FDA Tobacco Regulatory Science Fellowship
Activity News and Announcements
The 2015-2016 Call for Applications is now closed.
Launched in 2012, this regulatory science fellowship is a collaborative program between the FDA Center for Tobacco Products (CTP) and the Institute of Medicine (IOM). It is designed for mid-career professionals to gain experience and expertise to further define and develop the field of regulatory science as it relates to the regulation of tobacco products and FDA’s new authorities under the Family Smoking Prevention and Tobacco Control Act. This is an excellent opportunity for exceptional professionals to actively participate in the development of science-based public health strategies, serve as the lead for defined projects, meet with policy leaders, and acquire new knowledge related to tobacco products and their use, which is the leading cause of preventable death in the United States.
The fellowship is a 12-month, multidisciplinary residential program at CTP in Maryland. The fourth class of fellows will start in September 2015. Fellows will be placed in one of six areas within the CTP: Compliance and Enforcement; Health Communication and Education; Management; Policy; Regulations; or Science. See pages 5-6 of the Call for Applications for a description of each office.
Fellows are expected to complete the full 12-month residential fellowship. Each fellow will be awarded up to $95,000 based on salary history. Fellows may choose to enroll in a health insurance plan through the IOM or get reimbursed for a Consolidated Omnibus Budget Reconciliation Act (COBRA) plan. Fellows with a sponsoring institution may be compensated for fringe benefits. In addition, each fellow may be eligible to receive a relocation fund (not to exceed $10,000).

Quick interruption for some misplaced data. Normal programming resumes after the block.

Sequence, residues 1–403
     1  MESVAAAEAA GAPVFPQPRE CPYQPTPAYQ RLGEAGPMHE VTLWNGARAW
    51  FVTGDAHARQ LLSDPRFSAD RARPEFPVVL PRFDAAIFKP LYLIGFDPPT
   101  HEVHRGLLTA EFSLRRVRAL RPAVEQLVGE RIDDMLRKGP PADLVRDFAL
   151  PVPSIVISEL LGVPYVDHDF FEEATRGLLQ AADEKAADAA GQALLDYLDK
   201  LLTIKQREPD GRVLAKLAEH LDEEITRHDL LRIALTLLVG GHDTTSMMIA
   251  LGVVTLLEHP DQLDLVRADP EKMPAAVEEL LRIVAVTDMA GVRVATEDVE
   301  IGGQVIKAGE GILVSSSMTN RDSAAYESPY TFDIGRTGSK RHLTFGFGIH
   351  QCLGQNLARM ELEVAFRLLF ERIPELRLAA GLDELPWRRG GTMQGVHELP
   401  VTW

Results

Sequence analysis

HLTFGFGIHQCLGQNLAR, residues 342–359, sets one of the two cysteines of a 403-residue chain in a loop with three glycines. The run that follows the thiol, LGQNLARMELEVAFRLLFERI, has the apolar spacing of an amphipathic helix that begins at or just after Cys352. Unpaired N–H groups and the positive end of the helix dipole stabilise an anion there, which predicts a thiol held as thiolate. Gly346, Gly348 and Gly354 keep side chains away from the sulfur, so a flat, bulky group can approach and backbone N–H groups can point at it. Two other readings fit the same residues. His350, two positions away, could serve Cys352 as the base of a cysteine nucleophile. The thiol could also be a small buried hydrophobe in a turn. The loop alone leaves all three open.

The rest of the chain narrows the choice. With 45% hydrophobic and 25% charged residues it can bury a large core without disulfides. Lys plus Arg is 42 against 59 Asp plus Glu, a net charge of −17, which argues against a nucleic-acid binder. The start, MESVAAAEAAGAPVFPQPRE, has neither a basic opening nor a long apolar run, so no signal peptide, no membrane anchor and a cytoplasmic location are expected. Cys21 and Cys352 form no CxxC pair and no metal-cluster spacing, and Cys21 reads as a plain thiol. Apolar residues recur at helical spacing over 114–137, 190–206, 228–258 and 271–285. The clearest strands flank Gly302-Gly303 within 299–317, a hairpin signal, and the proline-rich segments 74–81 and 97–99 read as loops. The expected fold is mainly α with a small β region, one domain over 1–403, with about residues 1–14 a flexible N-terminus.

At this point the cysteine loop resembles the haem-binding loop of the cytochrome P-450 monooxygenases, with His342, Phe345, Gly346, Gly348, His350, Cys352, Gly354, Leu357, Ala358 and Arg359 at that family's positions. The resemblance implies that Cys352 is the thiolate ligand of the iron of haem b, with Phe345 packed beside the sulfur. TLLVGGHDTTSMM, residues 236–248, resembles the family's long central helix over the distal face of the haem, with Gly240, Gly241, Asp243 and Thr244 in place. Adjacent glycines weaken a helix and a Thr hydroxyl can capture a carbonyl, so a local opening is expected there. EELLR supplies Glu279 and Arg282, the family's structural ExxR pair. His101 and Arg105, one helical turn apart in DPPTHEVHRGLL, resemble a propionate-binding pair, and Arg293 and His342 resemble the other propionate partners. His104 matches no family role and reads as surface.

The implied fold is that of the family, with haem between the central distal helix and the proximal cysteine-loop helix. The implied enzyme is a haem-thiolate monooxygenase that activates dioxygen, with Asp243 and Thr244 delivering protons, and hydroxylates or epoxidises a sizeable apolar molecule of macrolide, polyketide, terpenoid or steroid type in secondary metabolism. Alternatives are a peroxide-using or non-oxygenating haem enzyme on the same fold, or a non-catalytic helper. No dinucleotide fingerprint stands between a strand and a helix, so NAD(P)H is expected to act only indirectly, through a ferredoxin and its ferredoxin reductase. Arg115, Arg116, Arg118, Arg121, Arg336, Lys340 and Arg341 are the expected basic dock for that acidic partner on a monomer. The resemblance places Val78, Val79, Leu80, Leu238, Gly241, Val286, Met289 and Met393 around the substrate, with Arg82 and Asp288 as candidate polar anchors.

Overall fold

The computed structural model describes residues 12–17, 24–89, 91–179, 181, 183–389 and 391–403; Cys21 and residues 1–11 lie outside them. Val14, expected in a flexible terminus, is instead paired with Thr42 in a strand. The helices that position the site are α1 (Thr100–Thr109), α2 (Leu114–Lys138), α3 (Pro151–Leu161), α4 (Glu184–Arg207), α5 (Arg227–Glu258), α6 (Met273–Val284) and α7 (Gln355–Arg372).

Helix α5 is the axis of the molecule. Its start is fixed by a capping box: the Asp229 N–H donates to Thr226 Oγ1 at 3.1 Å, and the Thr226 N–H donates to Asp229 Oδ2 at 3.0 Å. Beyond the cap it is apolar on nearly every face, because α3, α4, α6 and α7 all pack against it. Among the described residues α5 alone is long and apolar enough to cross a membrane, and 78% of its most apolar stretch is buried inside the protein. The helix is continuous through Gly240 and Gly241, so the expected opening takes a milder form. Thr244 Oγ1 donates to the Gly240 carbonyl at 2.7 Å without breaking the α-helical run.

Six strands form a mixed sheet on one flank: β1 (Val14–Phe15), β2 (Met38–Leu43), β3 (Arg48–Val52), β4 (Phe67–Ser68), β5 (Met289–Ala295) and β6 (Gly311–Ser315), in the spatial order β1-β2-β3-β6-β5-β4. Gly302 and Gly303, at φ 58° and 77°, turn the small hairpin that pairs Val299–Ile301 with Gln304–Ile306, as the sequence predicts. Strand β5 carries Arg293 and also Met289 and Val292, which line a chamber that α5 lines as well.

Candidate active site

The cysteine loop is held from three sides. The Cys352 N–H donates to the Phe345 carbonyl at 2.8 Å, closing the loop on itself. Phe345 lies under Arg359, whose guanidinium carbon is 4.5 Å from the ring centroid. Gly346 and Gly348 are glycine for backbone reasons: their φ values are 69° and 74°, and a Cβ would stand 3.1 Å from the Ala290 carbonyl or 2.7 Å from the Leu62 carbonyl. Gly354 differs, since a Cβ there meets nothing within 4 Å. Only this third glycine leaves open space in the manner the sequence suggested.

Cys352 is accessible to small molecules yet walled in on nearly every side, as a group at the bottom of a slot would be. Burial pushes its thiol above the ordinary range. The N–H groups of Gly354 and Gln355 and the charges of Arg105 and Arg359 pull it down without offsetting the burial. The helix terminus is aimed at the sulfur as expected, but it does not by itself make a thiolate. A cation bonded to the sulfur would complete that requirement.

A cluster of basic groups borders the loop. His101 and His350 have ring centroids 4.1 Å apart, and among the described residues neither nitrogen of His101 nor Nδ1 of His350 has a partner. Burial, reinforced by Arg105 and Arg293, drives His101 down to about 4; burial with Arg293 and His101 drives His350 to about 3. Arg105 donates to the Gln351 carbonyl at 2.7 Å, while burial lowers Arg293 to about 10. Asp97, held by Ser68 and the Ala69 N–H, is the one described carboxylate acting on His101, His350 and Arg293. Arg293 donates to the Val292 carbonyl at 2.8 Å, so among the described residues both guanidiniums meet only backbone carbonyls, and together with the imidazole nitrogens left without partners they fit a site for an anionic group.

Exceptional professionals with a minimum of five to seven years of experience are encouraged to apply. Applicants must be U.S. citizens, non-citizen nationals of the United States, or have been admitted to the United States for permanent residence and have a valid green card number before applying to the program and must have an advanced degree in one of the fields listed below.
- Behavioral Science
- Biomedical Science
- Biomedical Engineering
- Business Administration
- Consumer Education
- Economics, Political Science, and other Social Sciences such as Sociology, Anthropology, and Psychology
- Legal/Law Enforcement
- Physical Science and Toxicology
- Public Health, including Public Health Ethics
- Public Policy/Public Administration
- Public Relations/Journalism
Fellows will be selected through a national competition on basis of:
- Professional Achievements
- Expertise in an Area of Relevance to the CTP
- Quality of Essays
- Quality of Letters of Recommendation
The 2015 Call for Applications is now closed.
Important Dates - 2015
|January 5 - March 2
||Online Applications Accepted
|March 30 - April 2
||Selection of Finalists for In-Person Interviews
||Notification of Finalists
||In-Person Interviews in Washington, DC
||Notification of Awardees
||Start of Fellowship
The FDA Tobacco Regulatory Science Fellowship is administered by the IOM and sponsored by the FDA/CTP. All inquiries should be directed to:
FDA Tobacco Regulatory Science Fellowship
500 Fifth Street, NW
Keck WS 838
Washington, DC 20001
The Food and Drug Administration (FDA) is the regulatory, scientific, public health and consumer protection agency responsible for ensuring that all human and animal drugs, and medical devices are safe and effective, that cosmetics, foods, food additives, drugs and medicated feeds for food producing animals, and radiation emitting devices are safe, and for regulating tobacco products to protect the public health.
FDA Center for Tobacco Products (CTP)
The CTP was established by the Family Smoking Prevention and Tobacco Control Act (Tobacco Control Act), which was signed into law by President Barack Obama on June 22, 2009. Its mission is to protect Americans from tobacco-related death and disease by regulating the manufacture, marketing, and distribution of tobacco products, and by educating the public, especially young people, about tobacco products and the dangers their use poses to themselves and others.